Do try a variety of dim sum, from the luxuries treats in the big hotel Michelin starred room, through the great mid market, to the cheap Tim Ho Wan (its good but its fame is the price/quality ratio not absolute quality). All are as good weekends as much as mid-week, although some mid-week may limit the menus. I haven't seen dim sum transported from central kitchens and most places I try have their own style so I am not certain places really do that. Even the chains like Crystal Jade and the small mom&pop places have chefs prepping dumplings.

                Degustation/tasting menus for Chinese food is pretty rare, The Chairman is a good option. Many places do banquets but for three people that may be tricky and so you won't get a spread of dishes.

                I also think the two hotel strategy is a bit crazy, get one near the MTR and you can get across the harbour easily (getting taxis to cross the harbour is more tricky so look for the designated taxi ranks". Hot spots for nightlife are really LKF/Wyndham Street/Soho/Sheung Wan in Central, Star/Ship streets in Admiralty for good food (with Wanchai for really late nights and dubious bars and clubs) and TST (which is more local).

                1. re: PhilD

                  I'm arriving on Sunday and departing on Fri. So I only have one weekend dim sum - which should it be? This should be the place with the best weekend dim sum.

                  I know that tasting menus for Chinese food is rare but I thought the local CH could help. Does the Chairman have tasting menu? I grew up in Taiwan and loved eating banquets but you need a table of 8 to 10 people.

                  I think we want to stay in TST for a couple of nights to hit the night markets and get the view of HK, and then stay in Central for other nights. The problem is I have no idea how easy it is to use the MTR. Fodor's makes it sound like the stations are mazes and we would likely be too lazy/drunk to deal with it.

                  1. re: Worldwide Diner

                    You are clearly not reading the links. Sockster's report on the Chairman is for a party of two. Sockster personally arranged his meal there via email. You can do the same. Transportation in Hongkong is the most easily accessible in the world.

                    http://chowhound.chow.com/topics/967115

                    1. re: scoopG

                      This is like pulling teeth and then getting spanked. I'm sorry that I bothered to pose my questions here.

                    2. re: Worldwide Diner

                      MTR is easy to use. and if its late night and you are too drunk, just hail a cab. they are everywhere.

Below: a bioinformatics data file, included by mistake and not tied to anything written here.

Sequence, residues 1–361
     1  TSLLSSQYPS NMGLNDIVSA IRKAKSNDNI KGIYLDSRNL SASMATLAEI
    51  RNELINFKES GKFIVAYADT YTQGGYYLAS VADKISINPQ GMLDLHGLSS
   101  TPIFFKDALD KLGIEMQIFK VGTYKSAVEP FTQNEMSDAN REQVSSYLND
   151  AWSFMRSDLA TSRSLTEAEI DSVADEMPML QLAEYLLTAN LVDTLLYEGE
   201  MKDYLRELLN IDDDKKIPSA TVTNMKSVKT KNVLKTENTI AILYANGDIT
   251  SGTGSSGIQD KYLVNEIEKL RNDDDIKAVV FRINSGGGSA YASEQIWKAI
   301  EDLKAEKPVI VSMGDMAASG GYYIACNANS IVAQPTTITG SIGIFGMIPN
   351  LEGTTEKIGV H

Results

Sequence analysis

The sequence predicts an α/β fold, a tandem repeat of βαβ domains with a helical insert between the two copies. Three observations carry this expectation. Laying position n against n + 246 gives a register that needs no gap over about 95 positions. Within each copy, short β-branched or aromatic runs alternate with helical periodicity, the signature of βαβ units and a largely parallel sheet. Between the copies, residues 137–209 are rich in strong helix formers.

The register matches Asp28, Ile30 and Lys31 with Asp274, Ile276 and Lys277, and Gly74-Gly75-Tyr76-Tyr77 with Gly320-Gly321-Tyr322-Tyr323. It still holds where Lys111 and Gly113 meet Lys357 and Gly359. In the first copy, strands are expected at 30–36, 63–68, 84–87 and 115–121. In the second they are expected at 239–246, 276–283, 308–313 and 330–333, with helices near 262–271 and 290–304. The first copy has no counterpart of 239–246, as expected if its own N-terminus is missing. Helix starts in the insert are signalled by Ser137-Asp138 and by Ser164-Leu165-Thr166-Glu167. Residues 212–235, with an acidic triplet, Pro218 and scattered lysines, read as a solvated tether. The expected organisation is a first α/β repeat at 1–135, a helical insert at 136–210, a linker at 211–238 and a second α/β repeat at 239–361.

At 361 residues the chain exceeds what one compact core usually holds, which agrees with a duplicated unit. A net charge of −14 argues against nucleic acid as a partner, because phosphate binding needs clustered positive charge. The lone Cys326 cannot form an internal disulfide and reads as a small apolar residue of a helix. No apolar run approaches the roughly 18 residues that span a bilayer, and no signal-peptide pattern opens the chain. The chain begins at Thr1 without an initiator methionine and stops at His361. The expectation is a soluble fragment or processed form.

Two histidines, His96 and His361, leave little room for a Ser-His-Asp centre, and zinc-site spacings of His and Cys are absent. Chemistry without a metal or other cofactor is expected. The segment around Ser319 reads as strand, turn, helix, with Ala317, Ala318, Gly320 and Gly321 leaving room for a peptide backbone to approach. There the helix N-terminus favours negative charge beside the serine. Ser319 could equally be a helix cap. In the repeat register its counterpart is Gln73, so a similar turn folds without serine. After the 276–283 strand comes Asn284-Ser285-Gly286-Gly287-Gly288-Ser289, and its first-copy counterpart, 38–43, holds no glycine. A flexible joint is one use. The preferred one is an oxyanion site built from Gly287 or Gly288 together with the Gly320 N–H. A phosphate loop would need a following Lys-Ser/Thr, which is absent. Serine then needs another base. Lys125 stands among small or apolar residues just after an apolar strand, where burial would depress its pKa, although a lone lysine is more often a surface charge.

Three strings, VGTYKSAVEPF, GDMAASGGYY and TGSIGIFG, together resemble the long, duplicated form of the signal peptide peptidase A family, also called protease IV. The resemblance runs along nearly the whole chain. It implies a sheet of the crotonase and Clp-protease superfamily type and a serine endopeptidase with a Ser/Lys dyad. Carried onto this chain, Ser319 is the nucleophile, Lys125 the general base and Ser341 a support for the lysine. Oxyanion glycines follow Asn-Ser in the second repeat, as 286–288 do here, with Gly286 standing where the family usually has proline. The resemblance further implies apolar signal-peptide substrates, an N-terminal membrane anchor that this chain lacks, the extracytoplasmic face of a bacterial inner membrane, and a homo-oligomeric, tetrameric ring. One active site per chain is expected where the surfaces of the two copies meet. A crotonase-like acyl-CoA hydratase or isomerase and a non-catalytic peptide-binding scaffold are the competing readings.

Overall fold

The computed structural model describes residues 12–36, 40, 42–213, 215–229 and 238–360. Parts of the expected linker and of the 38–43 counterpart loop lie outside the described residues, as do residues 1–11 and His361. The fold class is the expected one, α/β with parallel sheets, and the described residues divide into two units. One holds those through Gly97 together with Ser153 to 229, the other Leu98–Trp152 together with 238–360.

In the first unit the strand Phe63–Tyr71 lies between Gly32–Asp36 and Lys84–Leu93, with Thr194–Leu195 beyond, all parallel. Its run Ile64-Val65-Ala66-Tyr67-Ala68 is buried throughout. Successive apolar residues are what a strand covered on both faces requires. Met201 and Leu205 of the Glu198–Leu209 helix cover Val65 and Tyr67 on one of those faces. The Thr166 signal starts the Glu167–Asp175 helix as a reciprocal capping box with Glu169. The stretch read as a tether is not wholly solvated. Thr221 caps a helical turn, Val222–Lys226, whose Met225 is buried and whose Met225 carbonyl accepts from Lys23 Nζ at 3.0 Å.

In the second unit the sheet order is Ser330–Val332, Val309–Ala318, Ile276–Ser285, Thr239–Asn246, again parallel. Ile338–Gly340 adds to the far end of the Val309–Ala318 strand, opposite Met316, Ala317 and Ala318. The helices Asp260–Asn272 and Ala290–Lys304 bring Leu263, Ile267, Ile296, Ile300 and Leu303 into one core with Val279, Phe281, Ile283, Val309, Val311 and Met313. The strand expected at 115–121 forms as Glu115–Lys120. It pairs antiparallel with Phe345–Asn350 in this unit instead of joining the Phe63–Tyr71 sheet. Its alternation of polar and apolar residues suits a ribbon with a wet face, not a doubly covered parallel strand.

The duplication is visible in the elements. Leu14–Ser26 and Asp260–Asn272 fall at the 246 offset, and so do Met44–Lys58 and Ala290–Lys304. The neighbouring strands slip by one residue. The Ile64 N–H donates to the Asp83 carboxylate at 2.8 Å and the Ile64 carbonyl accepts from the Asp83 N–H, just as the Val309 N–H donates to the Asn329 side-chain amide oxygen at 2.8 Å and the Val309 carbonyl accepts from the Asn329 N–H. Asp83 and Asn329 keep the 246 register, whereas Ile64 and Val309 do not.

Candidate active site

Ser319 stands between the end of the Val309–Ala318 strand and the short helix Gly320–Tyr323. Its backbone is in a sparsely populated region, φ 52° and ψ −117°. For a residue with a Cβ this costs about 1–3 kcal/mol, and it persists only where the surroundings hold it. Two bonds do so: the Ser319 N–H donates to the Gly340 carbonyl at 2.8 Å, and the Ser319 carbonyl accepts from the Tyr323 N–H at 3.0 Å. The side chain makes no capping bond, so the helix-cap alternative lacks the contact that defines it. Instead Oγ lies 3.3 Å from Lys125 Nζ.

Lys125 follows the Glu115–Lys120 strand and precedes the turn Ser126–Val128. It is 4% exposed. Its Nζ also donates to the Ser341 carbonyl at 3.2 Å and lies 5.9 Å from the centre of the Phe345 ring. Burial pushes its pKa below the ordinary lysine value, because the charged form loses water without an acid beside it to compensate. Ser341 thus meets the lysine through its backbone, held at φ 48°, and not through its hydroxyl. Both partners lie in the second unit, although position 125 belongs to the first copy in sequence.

I echo the others' comments that its not necessary to switch. you probably need a half day to pack up and get settled into the new hotel, but the time saving is not significant when you consider how easy it is to get around in HK.

                      1. re: ckshen

                        What does to take so long to switch hotels? It takes only a few minutes to check out and checking, no?

                        1. re: Worldwide Diner

                          Depends on check out and check in times and how much you pack and un-pack. If you can't check in until 12:00 noon or 15:00 (common in some Asian hotels) and need to check out at 11:00 or 12:00.

                          Then it is a hassle and probably isn't worth it for the 20 mins you save on the journey time between central and TST/Kowloon.

                          1. re: Worldwide Diner

                            WD - Hongkong is very compact and easy to get around (via MTR, taxi, mini-bus, Star Ferry and walking). As has been mentioned, there is no need to switch hotels - it is not getting you any advantage really. You are wasting a half day that you could be touring/eating/shopping. Think of it this way: would you do the same if you were staying in NYC or D.C?

                            1. re: scoopG

                              If I was between Manhattan and Brooklyn, then possibly. When i lived in NYC, the rule was not to subway after 11. I hear what everyone is saying, it's just that I think staying in Kowloon and Central are both worth experiencing. If I switch hotels, it would be to check out, store luggage, come back later, pick up, go to new hotel. It shouldn't take more than an hour.

                              1. re: Worldwide Diner

                                Just stay in one hotel - travelling from Tsimshatsui to Central by MTR is like, if you are a Washingtonian, going from Foggy Bottom to Metro Centre.

                        2. re: Worldwide Diner

                          Weird comment from Fodors on MTR. It's simple and easy, especially if you get an Octopus card which is pre-paid card for The Airport Express, MTR, Buses, Ferries, and lots of shops including Starbucks, 7-Eleven etc. pick one up at the airport train ticket counter when you arrive. The other good thing is google maps includes the numbers for each exit so when you look up a location for a restaurant you can see the closeset exit is B1 so just follow the signs from the platform to B1.

                          Given the markets on the Kowloon side are only a few stops from Admiralty and Central MTR stops changing hotels really doesn't make that much sense. Note: I hesitate to recommend the markets as they are not that good.